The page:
Adrienne LaurencelleApril 18, 2014 at 10:15 pm
Do you leave the zest in when you put the simple syrup in? Or do you strain most of it out at that point?
Linda LyApril 23, 2014 at 2:31 pm
I leave the zest in when I pour in the simple syrup, and then I strain it out (twice) before I bottle it.
FlowerChick.comFebruary 22, 2014 at 5:38 pm
I can’t wait to try your recipe! I agree that limoncello tastes best when it’s chilled…delicious. Thanks for the tips.
Linda LyFebruary 24, 2014 at 2:48 pm
Enjoy! It’s one of my favs and you just reminded me that I need to make a new batch this season.
LanaNovember 9, 2013 at 4:31 am
so how strong is this stuff when everything is said and done?…
Linda LyNovember 11, 2013 at 1:58 am
It’s pretty strong in the beginning, so if you want to drink it right away, you can add more simple syrup (or use it in a mixer). However if you can wait a couple of months, the initial bite mellows out and becomes smoother.
BellaJune 21, 2013 at 9:44 pm
will it continue to mellow out after I’ve strained it and bottled it?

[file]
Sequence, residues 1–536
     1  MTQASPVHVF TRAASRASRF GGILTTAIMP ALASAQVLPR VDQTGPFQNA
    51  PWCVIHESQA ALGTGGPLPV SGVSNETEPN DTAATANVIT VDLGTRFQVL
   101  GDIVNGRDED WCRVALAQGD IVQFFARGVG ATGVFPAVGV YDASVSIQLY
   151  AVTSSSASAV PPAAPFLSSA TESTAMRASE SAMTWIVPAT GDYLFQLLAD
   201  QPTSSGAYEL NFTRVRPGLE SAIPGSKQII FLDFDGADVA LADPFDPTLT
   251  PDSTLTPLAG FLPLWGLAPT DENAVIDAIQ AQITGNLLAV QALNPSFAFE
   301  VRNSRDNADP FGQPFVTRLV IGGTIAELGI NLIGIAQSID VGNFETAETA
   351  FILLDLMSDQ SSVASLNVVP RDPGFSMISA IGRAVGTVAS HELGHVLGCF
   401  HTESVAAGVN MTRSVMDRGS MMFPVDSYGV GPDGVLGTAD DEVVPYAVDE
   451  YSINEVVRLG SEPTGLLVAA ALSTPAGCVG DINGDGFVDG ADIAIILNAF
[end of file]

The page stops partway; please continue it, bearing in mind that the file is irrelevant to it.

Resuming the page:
Linda LyJune 22, 2013 at 12:59 am
Yes. Well-aged limoncello tastes very smooth.
BellaJune 19, 2013 at 3:07 pm
So one more question after all…
you talk about freezing or refrigerating the bottles after they have been bottled. But do they have to be chilled? Can I just store them in my liquor cabinet? Since its just sugar, alcohol, and essentially fruit oil shouldn’t it be fine?
Linda LyJune 19, 2013 at 5:12 pm
Yes, room temperature is absolutely okay. But limoncello tastes best when it’s chilled, in my opinion. 🙂
BellaJune 19, 2013 at 5:31 pm
Of course I’ll chill it before serving. I just am filling it into various little small bottles, also for giving away. I figured I could store them on a shelf in my garage before giving it away at special occasions. 🙂
Isabelle BrudererMay 20, 2013 at 12:57 am
Hi, I love your recipe! It looks so good, and my friend and I are thinking of making it so it will be ready in time for my bachelorette party. I was wondering if you could tell me what size jar you used to store the mixture in. I’m not even sure what I would call a jar like that when looking for it.
Linda LyMay 20, 2013 at 5:01 pm
I used a 1-liter bottle. The Bormioli bottles that I used are linked in the post if you’d like to buy the same ones!
BellaMay 25, 2013 at 6:13 pm
Thank you so much! I have another question. I got some everclear yesterday. Apparently it’s the same thing with a different name. It’s 190 proof. I was wondering you would recommend adding a larger amount of simple syrup when the time comes.